Murphy: ‘A Chance’ of No NJ Mask Requirement in Schools This Fall
Schools attended by more than 95% of all students statewide are now open for in-person instruction, Gov. Phil Murphy announced while at Bergenfield High School on Wednesday morning alongside U.S. Secretary of Education Miguel Cardona.
While the emphasis from Murphy and Cardona was on returning to in-person learning as the COVID-19 pandemic subsides, there's been increasing public scrutiny on the remaining mask mandate among students and staff at schools as the year winds down.
“There is a chance,” Murphy said, when asked again about whether the state might lift its requirement for masks in schools after the summer.
The governor said given that COVID vaccinations have just recently begun for those ages 12 to 15, he expects there to still be a mask requirement by September, while also noting that school guidance put out early last summer was revised multiple times heading into the fall.
As of Wednesday, the state was reporting 4.95 million people have received at least one vaccine dose.
Of those, about 1% were between the ages of 12 to 15, who are only eligible via the FDA to receive the Pfizer vaccine.
“I’ll put on my epidemiological hat and say three months from now might as well be five lifetimes in a pandemic, so the answer is absolutely, our minds are open,” Murphy said.
“While I’d like to predict that we’re going to be able to reopen schools in the fall without masks, I’m going to lean on my health expert partners, Dr. Walensky and I talk regularly,” the education secretary said, referring to CDC Director Dr. Rochelle Walensky, saying they want to, above all, “lead with health and safety.”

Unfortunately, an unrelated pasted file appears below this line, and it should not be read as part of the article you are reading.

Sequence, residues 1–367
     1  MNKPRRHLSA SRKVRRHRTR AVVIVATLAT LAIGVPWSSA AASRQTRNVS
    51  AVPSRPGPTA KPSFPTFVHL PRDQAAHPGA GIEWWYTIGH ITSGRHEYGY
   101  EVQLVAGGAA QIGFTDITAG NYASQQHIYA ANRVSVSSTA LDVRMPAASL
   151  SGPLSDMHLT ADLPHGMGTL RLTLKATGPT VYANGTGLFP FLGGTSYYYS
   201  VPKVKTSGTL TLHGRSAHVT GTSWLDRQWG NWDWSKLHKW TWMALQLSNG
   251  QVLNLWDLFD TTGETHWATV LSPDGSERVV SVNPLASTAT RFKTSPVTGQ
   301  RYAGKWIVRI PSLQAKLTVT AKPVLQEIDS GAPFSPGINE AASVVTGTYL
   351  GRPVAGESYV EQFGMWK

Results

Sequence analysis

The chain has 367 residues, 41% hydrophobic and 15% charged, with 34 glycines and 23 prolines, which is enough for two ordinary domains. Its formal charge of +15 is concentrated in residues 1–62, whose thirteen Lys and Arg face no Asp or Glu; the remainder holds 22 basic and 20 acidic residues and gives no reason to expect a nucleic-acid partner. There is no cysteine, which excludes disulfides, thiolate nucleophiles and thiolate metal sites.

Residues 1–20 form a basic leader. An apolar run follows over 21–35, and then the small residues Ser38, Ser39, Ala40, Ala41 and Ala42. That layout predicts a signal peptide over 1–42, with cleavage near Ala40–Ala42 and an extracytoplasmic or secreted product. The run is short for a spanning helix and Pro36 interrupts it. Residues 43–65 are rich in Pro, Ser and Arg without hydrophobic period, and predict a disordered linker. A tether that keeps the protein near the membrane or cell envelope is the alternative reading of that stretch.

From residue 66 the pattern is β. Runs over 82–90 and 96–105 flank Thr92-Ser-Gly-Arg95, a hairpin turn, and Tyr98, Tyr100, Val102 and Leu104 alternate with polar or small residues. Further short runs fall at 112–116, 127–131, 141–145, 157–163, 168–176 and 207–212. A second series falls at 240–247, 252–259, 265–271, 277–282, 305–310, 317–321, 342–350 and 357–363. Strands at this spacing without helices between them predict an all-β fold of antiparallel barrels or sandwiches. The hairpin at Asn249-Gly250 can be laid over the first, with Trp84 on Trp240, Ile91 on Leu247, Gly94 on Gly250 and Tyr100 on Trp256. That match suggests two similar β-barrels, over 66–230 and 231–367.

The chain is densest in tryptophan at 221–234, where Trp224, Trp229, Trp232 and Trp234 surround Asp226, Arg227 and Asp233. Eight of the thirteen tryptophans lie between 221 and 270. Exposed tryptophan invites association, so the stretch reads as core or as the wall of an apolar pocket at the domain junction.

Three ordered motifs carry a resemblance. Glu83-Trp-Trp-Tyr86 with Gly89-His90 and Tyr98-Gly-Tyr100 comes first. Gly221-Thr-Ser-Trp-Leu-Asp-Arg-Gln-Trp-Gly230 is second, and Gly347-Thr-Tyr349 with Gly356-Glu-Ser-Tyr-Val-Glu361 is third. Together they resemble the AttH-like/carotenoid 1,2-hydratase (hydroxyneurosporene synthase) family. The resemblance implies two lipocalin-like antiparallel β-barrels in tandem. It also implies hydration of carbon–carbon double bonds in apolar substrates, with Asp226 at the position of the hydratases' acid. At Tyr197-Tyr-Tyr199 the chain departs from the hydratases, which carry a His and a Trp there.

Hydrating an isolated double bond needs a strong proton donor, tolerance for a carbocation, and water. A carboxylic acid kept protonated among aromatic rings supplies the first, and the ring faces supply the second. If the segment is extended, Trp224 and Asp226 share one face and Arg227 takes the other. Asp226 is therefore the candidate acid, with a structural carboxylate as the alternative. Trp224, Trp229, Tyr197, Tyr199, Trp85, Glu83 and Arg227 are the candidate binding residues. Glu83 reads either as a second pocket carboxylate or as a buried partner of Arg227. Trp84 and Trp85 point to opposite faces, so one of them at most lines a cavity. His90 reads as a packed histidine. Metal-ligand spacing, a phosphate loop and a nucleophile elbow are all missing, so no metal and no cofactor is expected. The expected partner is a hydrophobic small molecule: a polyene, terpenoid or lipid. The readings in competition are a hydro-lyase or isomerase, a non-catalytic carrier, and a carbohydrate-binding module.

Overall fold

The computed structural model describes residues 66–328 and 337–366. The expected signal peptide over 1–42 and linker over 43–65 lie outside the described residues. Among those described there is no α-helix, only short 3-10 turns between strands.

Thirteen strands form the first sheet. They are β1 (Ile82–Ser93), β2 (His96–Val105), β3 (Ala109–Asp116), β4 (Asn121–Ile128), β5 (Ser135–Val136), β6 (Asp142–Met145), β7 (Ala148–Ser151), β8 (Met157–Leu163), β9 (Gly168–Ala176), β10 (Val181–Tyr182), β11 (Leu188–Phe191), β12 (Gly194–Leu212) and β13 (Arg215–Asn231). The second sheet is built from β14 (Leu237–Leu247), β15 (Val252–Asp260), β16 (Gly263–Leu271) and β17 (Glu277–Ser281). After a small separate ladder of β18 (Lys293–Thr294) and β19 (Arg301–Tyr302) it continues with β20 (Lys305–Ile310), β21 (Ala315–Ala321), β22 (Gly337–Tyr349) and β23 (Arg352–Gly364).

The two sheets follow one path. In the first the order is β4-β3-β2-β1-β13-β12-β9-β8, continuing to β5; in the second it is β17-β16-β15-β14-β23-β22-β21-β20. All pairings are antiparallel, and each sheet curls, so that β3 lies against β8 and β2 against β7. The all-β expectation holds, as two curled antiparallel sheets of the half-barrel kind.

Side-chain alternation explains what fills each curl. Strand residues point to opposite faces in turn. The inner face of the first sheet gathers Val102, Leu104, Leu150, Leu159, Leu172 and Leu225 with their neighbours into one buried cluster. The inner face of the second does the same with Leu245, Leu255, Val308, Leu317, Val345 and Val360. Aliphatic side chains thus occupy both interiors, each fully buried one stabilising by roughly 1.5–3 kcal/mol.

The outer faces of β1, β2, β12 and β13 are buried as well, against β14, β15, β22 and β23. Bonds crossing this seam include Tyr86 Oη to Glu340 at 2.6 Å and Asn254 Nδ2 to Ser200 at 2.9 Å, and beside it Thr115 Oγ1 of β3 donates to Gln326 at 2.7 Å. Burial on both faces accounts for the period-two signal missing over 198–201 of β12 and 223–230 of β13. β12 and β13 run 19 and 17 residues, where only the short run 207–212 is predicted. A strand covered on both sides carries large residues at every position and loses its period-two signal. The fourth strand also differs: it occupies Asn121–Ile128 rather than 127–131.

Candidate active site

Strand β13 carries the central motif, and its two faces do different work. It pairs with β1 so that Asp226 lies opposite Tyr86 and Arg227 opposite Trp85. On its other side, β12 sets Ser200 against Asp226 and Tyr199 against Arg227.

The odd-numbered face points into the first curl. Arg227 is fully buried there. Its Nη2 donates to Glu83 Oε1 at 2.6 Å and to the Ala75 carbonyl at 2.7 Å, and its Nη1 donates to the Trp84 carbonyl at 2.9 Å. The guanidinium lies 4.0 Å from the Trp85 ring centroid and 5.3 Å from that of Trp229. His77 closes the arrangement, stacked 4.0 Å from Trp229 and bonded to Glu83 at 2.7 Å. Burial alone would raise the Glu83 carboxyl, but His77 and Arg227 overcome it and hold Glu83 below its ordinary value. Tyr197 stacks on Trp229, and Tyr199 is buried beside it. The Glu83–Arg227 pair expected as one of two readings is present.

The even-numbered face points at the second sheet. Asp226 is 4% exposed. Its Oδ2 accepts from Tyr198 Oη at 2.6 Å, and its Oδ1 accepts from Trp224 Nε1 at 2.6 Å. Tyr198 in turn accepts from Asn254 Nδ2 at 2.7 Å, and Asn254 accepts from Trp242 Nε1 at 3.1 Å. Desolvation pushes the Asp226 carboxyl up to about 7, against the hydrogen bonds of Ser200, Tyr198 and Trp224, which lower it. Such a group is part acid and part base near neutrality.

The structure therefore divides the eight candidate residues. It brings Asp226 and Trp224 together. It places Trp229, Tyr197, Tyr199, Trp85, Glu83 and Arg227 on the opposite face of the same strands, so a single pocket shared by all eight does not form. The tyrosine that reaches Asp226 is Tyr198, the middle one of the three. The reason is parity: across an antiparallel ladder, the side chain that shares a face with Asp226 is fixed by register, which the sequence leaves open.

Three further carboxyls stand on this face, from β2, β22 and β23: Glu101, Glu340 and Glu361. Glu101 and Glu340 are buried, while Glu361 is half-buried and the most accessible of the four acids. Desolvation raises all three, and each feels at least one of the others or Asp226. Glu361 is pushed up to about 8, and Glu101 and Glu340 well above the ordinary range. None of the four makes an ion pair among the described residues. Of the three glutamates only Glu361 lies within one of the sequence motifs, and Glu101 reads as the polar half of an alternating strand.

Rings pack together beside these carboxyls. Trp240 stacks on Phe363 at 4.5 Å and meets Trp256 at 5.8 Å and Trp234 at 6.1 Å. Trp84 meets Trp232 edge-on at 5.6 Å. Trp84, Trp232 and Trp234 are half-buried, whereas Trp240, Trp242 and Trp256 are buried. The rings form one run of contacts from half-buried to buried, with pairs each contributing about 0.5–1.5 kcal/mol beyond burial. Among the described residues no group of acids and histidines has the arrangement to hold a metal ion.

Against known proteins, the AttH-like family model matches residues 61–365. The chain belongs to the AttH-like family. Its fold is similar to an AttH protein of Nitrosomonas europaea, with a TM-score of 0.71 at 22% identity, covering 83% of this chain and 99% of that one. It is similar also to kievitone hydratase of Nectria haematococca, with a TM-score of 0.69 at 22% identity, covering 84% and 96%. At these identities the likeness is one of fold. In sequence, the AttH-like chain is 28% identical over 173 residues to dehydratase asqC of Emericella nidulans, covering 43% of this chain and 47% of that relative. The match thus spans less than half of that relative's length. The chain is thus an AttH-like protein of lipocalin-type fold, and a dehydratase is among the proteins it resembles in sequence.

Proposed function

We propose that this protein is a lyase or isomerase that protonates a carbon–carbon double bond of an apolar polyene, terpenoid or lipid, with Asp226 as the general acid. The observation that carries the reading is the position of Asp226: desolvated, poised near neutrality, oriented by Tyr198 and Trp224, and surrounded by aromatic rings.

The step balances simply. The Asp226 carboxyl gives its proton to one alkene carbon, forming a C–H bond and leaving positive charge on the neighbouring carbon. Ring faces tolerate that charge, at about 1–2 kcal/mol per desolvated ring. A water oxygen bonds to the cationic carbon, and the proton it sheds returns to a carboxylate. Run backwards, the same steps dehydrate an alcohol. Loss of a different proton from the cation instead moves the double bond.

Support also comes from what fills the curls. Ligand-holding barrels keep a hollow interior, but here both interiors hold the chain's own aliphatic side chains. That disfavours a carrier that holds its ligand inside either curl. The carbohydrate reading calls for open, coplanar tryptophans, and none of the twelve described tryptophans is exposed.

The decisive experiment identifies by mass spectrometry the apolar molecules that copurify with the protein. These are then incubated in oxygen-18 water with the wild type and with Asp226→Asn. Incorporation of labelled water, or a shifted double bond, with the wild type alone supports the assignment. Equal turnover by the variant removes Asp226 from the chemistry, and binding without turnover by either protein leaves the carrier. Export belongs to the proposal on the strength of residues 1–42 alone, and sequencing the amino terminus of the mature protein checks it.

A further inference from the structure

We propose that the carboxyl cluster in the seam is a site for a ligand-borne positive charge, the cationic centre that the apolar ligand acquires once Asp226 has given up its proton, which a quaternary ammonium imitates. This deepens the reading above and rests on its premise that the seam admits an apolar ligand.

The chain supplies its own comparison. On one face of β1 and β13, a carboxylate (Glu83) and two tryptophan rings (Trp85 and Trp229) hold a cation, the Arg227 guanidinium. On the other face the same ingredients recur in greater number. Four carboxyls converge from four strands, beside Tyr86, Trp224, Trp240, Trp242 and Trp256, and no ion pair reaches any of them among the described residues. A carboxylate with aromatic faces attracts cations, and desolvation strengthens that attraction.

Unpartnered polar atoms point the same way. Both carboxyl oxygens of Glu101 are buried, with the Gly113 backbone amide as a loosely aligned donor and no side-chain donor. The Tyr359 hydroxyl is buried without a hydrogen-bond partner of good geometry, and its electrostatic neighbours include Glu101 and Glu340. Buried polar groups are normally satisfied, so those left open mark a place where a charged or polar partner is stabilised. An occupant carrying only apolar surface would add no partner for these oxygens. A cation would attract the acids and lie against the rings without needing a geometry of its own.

Before he was sworn into his new federal post on March 2, Cardona previously served as the Commissioner of Education in Connecticut, where he said he held the same priorities for that state's schools.
There has been building pushback against the state continuing the school mask mandate, despite CDC guidance to continue standing pandemic protocols to finish out this school year.
Against those recommendations, some scattered school districts across several states already have removed the requirement for masks, as reported by ABC News, along with statewide rollbacks of school mask requirements in Texas and Iowa.
As the state rolled back its requirement on masks in indoor public places last week, some school superintendents in the state have urged Murphy to take a more definitive stance against masks being required in the 2021-2022 school year, at least.
There also are Republican lawmakers who have been pushing for an immediate rollback of mask requirements among children, starting with state Sen. Kristin Corrado, R-Passaic proposing a bill aimed at no masks for summer camps.
Last week, state Senate Republicans launched an online petition for the removal of the mask requirement among children.